ABSTRACT: Varicella-zoster virus (VZV) is rarely the cause of multiple cranial nerve palsies. Partial or complete ophthalmoplegia can occur with VZV infection, but the optimal treatment for this condition is unknown. We report the case of a 79-year-old immunocompetent woman who presented with multidermatomal VZV, herpes zoster ophthalmicus, multiple cranial nerve palsies, and partial unilateral ophthalmoplegia. Our report highlights the use of corticosteroids and antivirals to treat her VZV-associated partial ophthalmoplegia.
The case of an immunocompetent patient who presented with partial ophthalmoplegia, a rare complication of varicella-zoster virus infection, suggests that corticosteroids can be used in conjunction with antiviral medication to treat the condition in select patients.
Reactivation of varicella-zoster virus (VZV) causes shingles, which most often affects a single cutaneous sensory nerve but can also involve sensory or motor cranial nerves. In rare cases, reactivated VZV can cause multiple cranial nerve palsies and partial or complete ophthalmoplegia. The optimal management of patients with this condition remains unclear.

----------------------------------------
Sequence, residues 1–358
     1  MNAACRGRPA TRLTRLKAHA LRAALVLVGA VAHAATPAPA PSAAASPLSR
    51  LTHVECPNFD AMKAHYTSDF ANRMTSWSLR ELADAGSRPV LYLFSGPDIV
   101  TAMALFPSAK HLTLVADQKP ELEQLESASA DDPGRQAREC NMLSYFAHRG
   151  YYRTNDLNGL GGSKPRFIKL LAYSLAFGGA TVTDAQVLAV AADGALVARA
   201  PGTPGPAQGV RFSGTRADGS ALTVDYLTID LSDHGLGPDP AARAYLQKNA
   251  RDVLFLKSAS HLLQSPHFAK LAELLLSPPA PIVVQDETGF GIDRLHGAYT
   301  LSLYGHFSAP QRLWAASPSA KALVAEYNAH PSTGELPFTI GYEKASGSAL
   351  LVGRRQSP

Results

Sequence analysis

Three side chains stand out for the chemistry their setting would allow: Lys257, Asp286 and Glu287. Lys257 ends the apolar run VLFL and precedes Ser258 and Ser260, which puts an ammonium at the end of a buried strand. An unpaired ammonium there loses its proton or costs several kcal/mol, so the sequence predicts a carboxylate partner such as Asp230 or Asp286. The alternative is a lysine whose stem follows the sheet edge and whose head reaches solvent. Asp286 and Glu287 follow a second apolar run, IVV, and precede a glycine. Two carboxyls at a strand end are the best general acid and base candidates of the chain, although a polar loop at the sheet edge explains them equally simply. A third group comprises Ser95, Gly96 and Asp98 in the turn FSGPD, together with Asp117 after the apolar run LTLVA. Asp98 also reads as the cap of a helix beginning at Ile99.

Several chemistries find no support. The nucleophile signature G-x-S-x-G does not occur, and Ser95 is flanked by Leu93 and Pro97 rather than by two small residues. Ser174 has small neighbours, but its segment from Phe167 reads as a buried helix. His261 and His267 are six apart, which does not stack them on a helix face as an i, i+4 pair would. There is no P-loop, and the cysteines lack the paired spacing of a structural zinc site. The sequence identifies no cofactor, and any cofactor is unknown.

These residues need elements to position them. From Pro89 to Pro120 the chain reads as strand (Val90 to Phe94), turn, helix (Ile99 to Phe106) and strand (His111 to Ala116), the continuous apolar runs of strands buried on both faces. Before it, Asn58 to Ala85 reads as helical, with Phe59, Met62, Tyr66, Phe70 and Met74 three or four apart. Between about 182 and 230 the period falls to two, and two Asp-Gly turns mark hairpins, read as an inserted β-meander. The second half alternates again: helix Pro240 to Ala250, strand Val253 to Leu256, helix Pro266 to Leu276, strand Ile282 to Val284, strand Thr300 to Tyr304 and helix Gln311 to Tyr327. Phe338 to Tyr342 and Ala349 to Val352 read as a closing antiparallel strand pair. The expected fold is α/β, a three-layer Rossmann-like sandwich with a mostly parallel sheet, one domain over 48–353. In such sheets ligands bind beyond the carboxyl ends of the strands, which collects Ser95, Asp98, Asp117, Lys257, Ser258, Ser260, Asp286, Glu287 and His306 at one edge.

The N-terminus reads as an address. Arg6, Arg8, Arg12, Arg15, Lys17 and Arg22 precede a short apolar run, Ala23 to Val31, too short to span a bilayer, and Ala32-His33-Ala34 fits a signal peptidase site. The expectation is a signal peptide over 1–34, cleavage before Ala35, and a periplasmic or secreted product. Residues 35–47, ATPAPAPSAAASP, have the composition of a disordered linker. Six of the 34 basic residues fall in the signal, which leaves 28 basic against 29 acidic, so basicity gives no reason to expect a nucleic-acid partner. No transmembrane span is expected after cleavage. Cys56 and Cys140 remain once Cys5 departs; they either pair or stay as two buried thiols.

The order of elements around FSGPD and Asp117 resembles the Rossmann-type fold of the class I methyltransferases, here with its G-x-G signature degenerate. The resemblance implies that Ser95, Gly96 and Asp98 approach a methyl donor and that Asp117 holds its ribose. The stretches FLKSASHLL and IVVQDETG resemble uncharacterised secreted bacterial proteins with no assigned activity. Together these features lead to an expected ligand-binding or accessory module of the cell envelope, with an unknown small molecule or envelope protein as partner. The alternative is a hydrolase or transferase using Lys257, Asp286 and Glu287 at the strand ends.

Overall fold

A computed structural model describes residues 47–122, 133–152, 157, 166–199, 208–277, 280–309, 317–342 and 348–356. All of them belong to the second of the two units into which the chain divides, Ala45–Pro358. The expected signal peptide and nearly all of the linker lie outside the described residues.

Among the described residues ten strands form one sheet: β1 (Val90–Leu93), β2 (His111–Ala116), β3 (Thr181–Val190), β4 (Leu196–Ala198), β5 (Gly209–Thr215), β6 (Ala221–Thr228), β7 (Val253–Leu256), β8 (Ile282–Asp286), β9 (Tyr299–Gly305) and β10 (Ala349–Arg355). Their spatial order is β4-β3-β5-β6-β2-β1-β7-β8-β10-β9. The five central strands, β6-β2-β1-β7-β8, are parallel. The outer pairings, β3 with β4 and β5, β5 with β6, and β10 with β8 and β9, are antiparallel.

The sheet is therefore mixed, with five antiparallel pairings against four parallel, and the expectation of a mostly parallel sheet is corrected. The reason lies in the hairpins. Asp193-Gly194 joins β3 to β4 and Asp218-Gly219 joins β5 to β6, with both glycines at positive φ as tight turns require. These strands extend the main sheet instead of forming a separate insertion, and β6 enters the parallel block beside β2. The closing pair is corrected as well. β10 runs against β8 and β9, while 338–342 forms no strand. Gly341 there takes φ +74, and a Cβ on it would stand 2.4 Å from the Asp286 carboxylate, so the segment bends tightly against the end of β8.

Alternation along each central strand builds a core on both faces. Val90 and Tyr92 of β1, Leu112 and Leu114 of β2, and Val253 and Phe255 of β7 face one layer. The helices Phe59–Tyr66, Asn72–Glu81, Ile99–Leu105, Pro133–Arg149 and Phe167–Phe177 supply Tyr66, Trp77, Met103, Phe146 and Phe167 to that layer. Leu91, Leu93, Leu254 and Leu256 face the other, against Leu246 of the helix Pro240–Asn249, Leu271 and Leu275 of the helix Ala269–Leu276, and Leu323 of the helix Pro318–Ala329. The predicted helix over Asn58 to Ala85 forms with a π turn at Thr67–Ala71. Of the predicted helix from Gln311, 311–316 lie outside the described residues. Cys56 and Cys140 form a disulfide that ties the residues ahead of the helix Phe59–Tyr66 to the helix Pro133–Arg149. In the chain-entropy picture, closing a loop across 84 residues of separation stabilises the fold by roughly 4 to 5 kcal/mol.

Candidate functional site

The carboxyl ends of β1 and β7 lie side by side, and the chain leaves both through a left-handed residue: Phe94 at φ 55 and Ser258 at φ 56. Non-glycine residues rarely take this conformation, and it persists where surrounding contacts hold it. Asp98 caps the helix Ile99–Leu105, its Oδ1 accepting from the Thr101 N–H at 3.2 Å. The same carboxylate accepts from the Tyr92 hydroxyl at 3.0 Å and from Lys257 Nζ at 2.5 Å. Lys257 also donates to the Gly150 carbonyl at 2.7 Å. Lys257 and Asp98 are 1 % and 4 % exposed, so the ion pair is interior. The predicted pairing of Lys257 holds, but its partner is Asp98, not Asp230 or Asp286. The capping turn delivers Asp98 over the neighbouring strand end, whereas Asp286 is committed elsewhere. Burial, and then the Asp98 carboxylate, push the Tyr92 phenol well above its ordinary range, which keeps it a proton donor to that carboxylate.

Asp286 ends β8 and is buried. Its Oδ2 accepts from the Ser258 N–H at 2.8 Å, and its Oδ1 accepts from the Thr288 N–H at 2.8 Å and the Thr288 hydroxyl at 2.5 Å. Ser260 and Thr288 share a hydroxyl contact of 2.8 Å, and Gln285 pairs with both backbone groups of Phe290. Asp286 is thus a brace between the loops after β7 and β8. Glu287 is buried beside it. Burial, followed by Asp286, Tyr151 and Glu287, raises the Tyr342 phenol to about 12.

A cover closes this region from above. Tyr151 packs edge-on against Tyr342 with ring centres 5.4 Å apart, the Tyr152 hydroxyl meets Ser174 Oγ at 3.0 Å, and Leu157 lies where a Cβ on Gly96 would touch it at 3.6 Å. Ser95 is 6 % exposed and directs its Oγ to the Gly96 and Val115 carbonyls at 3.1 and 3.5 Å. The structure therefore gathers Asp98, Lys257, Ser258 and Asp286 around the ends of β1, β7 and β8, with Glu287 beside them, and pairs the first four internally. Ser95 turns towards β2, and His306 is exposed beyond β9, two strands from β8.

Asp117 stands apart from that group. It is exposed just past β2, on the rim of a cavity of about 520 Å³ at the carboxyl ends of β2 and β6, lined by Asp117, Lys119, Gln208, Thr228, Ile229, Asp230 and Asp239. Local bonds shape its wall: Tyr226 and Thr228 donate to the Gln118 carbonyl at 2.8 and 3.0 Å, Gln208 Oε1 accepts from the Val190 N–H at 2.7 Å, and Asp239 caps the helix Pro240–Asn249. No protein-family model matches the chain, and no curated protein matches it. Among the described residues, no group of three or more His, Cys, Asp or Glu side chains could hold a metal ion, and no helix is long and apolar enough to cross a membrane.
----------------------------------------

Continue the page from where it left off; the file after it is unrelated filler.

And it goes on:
A 79-year-old woman presented to the emergency department with left VZV ophthalmicus and partial sixth and third nerve palsies. Four weeks prior to presentation, she had developed a vesicular rash on her left forehead and face, and had begun experiencing nausea, headache, and general malaise. She was prescribed valacyclovir as treatment of herpes zoster ophthalmicus and was referred to ophthalmology.
One week prior to presentation, the patient was seen by ophthalmology and was noted to have herpes zoster–related anterior uveitis with suspected vitreous spillover. Extraocular muscle function showed no abnormalities. Due to the patient’s ongoing gastrointestinal intolerance of valacyclovir, her prescription was switched to acyclovir. On follow-up 1 week later, she had developed a 5-day history of horizontal diplopia and photophobia. Her vital signs showed no abnormalities. Periorbital swelling and ptosis were noted in the left eye, along with a partial sixth nerve palsy with severe limitation in eye abduction. Her left eye was midline in the neutral position. The right pupil was 3 mm and responsive; the left was 6 mm and had a sluggish and painful response to light. Her corneal reflexes were intact. A crusted macular exanthem was present over the left V1 dermatome and on the right back and breast (T4 dermatome). Cardiopulmonary and abdominal exams revealed no abnormalities. The patient had no meningismus. Anterior uveitis had improved, and visual acuity was 20/20 OU with correction. She was referred to the emergency department for suspected neurologic involvement of VZV.